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Strength training is the set of exercises that use resistance to induce muscular contractions. These movements increase the size, strength and endurance of the muscles. Strength training is proven to benefit your overall health and well-being in many different ways: increases bone/muscle/tendon and ligament strength and toughness, improves joint function, reduces potential for injury, increases bone density, increases metabolism, increases fitness, improves cardiac function, improves cholesterol levels, improves posture and prevents muscle loss. One great side effect of any intense exercise is increased levels of dopamine, serotonin, and norepinephrine, which can help to improve mood and counter feelings of depression.
Exercise to remediate impaired endurance, joint dysfunction, and impaired mobility is a mainstay of physical therapy practice for older adults. Common modes of exercise include aerobic, strengthening, and balance/flexibility programs. In the past 20 years, much has been learned about the benefits of strengthening. Muscle weakness, termed sarcopenia and dynapenia, is a normal age-related phenomenon, occurring at a rate of 1% to 5% annually from the age of 30. This rate means that given the typical patterns of physical activity, a 70-year old woman could have 50% to 70% less strength than she had at age 30. The rate of strength decline is dependent on age and physical activity.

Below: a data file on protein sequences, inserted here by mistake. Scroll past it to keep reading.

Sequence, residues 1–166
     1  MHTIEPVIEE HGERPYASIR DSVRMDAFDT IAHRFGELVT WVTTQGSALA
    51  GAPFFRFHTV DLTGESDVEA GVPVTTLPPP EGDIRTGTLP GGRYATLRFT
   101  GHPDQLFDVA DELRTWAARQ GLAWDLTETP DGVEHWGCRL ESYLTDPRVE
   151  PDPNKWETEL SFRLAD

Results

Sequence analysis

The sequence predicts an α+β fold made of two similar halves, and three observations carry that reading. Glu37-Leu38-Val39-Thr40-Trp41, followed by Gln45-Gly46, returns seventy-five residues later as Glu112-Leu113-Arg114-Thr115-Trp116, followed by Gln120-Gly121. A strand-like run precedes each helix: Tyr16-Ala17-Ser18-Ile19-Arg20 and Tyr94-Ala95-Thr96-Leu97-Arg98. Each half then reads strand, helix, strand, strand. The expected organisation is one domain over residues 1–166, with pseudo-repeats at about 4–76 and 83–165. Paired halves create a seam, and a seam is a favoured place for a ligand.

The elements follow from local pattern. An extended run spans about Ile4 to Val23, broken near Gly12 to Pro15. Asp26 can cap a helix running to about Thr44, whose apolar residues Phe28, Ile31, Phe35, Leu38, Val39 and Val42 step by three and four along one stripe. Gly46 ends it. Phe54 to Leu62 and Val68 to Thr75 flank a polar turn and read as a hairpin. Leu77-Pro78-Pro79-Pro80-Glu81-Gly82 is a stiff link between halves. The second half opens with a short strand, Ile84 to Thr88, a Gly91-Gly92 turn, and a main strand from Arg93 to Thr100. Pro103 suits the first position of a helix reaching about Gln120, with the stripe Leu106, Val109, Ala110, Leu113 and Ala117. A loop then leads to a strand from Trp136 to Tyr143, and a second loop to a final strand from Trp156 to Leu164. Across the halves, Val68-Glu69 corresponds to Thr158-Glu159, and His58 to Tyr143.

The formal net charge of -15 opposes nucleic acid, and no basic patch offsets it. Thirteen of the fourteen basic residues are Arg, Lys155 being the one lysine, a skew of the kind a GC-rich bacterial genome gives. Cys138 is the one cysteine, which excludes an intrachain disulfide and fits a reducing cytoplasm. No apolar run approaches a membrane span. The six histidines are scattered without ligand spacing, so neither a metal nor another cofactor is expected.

Those who are physically inactive lose muscle mass and strength more quickly than active individuals who participate in strength training. After the age of 60, power decreases even more rapidly at a rate of 3% to 5% annually, affecting the ability to move and react quickly. Diminished power and strength affect function and can be a leading cause of nursing home admission and falls, further forcing sedentary habits. The vicious cycle of inactivity and diminished power and strength in turn promote further weakness and loss of power causing further functional disability. Critical to keeping older adults independent in the community and avoiding nursing home placement is breaking this cycle of decreased muscle mass/strength/power, inactivity, and functional decline. Therefore, effective strengthening practices must be employed by physical therapy/strength training personnel to maintain the highest level of function and achieve optimal aging. Contact team BMR and find out how we can help you or your loved ones get in better shape and improve functional outcomes.
Dimitri Cosmios, PT, DPT, CSCS